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EU Court: Schengen Members Have the Right to Extend Border Controls for More Than Only Six Months

The Attorney General of the Court of Justice, Henrik Saugmandsgaard, confirmed that all EU member states facing serious threats to public policy or internal security would be eligible to re-impose and even extend their border controls for a period of more than six months.

Although this declaration was confirmed by the Court of Justice of the European Union, member states are only allowed to extend the border controls period under strict conditions, reports.

According to a press release published by the Court of Justice of the European Union, if EU member states are obligated to lift tight controls at their borders when the six-month period expires, the same will be prevented from assuming the responsibilities based on it.

In this regard, Saugmandsgaard said it was inconceivable that the European legislator had intended to achieve such a result and ruled out the possibility of re-applying the exemption in the event of a “renewed threat”.

The Advocate General explained that the Schengen border law also tries to preserve public policy and combat serious threats to public policy, stressing that as such, the responsibilities of EU member states in this area cannot be framed with specific periods.

Although Saugmandsgaard believes that Schengen border law should allow for the re-imposition of border controls in the event of a “renewed threat”, he considers that “when the serious threat in question is essentially similar to the previous serious threat, the requirement of proportionality implies a great deal of importance limitations in this respect, in that it sets strict conditions for re-application purposes.”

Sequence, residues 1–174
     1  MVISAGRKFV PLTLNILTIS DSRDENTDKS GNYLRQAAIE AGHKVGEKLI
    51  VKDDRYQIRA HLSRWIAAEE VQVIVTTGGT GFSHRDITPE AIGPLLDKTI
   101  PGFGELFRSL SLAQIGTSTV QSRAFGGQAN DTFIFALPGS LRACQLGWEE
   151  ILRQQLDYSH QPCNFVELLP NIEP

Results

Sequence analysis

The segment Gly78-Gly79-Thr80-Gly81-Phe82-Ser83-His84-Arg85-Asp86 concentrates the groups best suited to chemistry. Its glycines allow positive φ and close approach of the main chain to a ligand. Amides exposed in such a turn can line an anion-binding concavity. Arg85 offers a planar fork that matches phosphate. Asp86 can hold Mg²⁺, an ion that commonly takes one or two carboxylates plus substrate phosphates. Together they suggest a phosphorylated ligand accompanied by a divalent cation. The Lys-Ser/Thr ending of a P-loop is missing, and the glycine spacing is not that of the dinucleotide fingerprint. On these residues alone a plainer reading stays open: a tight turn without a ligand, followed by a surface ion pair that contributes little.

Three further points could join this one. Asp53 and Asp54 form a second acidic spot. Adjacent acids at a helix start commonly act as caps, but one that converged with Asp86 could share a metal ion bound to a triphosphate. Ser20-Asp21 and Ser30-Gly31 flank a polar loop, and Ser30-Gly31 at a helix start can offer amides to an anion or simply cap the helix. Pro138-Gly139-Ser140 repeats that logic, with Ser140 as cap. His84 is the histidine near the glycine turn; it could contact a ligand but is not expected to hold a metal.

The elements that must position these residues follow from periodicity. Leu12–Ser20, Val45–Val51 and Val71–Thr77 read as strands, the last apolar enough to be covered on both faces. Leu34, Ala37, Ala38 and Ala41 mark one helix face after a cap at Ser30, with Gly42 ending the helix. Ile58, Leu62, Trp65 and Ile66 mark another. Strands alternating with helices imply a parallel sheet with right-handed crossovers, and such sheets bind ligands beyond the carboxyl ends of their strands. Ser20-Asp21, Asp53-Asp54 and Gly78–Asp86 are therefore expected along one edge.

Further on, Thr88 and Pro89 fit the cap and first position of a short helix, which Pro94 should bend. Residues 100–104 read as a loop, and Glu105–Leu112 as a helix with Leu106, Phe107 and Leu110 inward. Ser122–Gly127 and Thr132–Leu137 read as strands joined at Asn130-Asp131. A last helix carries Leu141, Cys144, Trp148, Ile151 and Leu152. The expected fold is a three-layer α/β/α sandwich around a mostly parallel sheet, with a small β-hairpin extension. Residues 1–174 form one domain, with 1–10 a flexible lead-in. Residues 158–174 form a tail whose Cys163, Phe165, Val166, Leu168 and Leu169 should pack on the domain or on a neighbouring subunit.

All EU member states that need to reimpose border controls must explain why they need to make such a decision by evaluating the degree of effectiveness of the initial action to reimpose border controls.

They will then be obligated to explain why such preventive measures are necessary by explaining why other recreational measures are not sufficient to deal with such a situation.

“Furthermore, in the event that the application is re-applied several times in a row, as in the present case, the requirement of enhanced proportionality becomes more stringent each time it is re-applied,” reads the statement published by the Court of Justice of the European Union.

In this regard, Saugmandsgaard stressed to those countries that the committee which must be notified of these preventive measures before their adoption must examine each time whether the condition is fulfilled.

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